How to pick a box office winner

Robocop will hit Australian screens next week. Does it have what it takes to deliver a record-breaking return on investment? Kerry Hayes/Columbia Pictures Industries Inc and Metro-Goldwyn-Mayer Pictures Inc.

Can we predict which films will turn a massive profit? Studio honchos would surely like to think so. In fact, an empirical and scientific study of the feature films that returned the highest rate of profit on investment reveals common elements in the form, structure content of these 20 films, and enables novel scientific predictions about future high return-on-investment (RoI) feature films.

The Return on Investment bell-curve. StoryAlity

I’ve termed the resulting thesis and set of probability guidelines for filmmakers and screenwriters StoryAlity Theory. One prediction of StoryAlity Theory is that a new top 20 RoI film should emerge from the international film system right now, in January 2014.

Top 20 RoI – or audience reach divided by budget – films have emerged every 2.05 years on average since 1968, with almost clockwork regularity. This suggests that a top 20 RoI film is due to emerge from the international film system in the very near future, and implies probabilities of at least ten of its specific characteristics.

The big winners so far

The top 20 Return on Investment films. StoryAlity

The above data set enables us to examine the frequency of how often a film enters the top 20 RoI list. A time-series plot of the emergence of top 20 RoI films reveals the following pattern:

The top 20 RoI (Return on Investment) feature films of the past 70 years by release year. StoryAlity

From this data, I draw two inferences:

1) as mentioned, a new top 20 RoI film apparently enters the list every 2.05 years on average

2) a market correction in the film system appears - given the 10-year gap from 1983 to 1993, and then the four “missing” films appear all at once in 2002, wherein the film system then returns to normal frequency.

The prediction that a new feature film emerges in the top 20 RoI list every 2.05 years on average was confirmed by the arrival two years ago - in January 2012 - of the top 20 RoI film The Devil Inside (2012). This low-budget American horror film had a production budget of US$1 million, and subsequently made US$99.7 million at the box office.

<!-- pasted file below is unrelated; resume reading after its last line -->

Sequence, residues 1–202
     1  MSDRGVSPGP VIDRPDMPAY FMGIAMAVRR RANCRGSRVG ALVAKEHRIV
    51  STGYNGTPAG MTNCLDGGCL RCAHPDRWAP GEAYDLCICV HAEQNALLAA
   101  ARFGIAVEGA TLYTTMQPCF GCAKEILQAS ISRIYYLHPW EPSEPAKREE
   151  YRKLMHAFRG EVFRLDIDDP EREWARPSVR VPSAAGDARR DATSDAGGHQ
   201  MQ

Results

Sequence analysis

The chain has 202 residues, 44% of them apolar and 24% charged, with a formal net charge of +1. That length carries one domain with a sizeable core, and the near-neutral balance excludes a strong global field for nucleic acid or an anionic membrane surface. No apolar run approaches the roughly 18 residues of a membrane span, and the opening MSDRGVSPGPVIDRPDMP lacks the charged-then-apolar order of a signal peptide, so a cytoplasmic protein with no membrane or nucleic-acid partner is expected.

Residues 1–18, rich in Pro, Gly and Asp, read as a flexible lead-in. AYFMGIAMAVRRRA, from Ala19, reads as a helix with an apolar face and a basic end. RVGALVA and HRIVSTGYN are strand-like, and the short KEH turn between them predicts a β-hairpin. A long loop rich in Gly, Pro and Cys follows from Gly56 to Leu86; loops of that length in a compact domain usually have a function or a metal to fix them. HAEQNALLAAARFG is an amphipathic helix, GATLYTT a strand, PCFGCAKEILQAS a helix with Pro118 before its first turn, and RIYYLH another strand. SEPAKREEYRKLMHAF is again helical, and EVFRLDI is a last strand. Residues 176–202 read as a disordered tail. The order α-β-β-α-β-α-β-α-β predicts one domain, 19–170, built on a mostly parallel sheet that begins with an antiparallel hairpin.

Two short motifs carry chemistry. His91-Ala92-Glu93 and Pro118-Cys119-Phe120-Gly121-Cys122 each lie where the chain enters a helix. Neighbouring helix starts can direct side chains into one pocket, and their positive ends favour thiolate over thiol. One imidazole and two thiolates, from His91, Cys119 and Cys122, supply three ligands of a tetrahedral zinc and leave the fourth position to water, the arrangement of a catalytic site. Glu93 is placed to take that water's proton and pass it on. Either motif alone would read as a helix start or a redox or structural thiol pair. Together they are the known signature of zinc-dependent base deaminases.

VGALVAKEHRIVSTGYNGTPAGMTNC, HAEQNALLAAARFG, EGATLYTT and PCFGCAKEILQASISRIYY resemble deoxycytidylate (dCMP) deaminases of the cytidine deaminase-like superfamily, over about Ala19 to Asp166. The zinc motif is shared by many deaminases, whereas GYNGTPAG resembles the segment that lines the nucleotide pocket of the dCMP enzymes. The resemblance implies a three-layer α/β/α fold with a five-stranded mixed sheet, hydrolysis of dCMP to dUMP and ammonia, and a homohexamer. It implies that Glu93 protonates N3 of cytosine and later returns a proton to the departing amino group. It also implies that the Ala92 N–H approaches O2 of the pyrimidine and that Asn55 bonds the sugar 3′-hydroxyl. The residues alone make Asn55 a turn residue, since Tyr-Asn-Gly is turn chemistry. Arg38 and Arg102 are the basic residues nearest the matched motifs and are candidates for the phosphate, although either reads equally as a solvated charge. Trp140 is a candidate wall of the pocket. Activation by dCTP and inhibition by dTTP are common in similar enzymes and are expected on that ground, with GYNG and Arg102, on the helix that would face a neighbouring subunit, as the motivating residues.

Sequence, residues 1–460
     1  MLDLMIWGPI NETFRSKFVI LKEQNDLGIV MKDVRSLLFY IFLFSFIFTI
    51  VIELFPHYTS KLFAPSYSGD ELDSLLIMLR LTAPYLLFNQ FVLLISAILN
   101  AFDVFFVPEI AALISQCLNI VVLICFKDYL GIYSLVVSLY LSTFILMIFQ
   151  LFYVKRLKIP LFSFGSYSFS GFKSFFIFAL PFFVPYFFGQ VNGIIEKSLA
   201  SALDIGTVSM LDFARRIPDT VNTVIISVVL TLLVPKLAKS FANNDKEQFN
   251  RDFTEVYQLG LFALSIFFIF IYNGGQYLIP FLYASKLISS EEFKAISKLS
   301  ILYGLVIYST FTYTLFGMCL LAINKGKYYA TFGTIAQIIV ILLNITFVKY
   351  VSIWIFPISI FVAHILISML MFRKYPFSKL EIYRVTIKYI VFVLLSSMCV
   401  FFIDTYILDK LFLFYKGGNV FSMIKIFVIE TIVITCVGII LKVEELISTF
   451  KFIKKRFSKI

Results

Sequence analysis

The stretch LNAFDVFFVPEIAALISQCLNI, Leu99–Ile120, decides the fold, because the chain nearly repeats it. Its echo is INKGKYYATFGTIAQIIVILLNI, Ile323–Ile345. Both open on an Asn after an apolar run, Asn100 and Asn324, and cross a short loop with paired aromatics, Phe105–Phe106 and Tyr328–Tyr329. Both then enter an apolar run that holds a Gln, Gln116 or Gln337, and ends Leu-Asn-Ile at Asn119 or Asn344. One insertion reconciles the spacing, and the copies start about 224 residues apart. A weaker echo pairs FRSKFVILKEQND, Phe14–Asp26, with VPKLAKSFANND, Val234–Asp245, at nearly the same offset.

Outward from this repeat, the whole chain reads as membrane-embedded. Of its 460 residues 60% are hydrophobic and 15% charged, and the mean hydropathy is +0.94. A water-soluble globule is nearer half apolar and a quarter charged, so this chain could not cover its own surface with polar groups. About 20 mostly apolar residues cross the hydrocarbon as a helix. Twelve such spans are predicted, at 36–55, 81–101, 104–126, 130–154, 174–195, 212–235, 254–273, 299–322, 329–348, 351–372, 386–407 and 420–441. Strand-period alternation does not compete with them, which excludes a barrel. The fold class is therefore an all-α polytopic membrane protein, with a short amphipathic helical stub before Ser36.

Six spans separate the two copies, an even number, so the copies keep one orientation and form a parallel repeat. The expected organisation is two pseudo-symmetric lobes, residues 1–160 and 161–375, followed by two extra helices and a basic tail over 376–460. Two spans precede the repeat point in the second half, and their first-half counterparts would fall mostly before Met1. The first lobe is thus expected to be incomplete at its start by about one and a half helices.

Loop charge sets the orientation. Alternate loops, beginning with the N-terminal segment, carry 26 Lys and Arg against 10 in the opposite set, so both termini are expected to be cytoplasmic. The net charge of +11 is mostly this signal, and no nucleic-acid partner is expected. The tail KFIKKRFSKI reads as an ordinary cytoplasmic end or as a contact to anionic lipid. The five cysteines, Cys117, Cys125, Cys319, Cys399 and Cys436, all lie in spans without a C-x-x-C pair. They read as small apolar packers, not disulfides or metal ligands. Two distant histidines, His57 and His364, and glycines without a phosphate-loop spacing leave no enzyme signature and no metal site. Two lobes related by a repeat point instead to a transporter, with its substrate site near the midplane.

This suggests that, all things being equal, in January 2014 – right about now – a new top 20 RoI film should emerge from the international feature film system.

To enter the Top 20 RoI list, a film currently needs to make greater than a 7,234% RoI – or more than 72 times its production budget. Notably none of the top 20 RoI films are adaptations of pre-existing literature, such as novels, plays or short stories. (Night of the Living Dead (1968) was inspired by Richard Matheson’s 1954 novel I Am Legend.)

Bang for your buck

RoI really means: audience-reach – relative to production means. What we’re talking about is a kind of cost/benefit ratio.

A theatrical box office figure for any given film, when divided by an average global cinema ticket-price figure (say, $10) gives an approximate figure for the number of audience members.

In other words – the box office figure gives an estimate of the number of individual people who paid to view the film while it was on theatrical release. Importantly, the above RoI statistics do not include marketing spend/ prints and advertising expenses or distribution costs.

The RoI percentage in the calculations above is obtained by dividing the film’s box office total by the film’s production budget. What this RoI metric reflects then, is the audience reach of a film – compared to its production budget.

The predicted characteristics of the next top 20 RoI film are therefore as follows:

Some predicted characteristics of the Top 20 RoI Film due in January 2014. StoryAlity

In light of this prediction, it’s worth keeping an eye on the figures for the month. A contender may already be emerging. What’s more, if a film does not make more than 72-times its budget in January 2014 (and we’re getting a little late in the piece) it is possible another gap and a later market correction is then expected.

Does this mean we all (as filmmakers) should now write/make horror films?

No. Creativity isn’t quite that easy. You should write/ make whatever you know and love - and probably also, consider combining two or more genres that you know and love.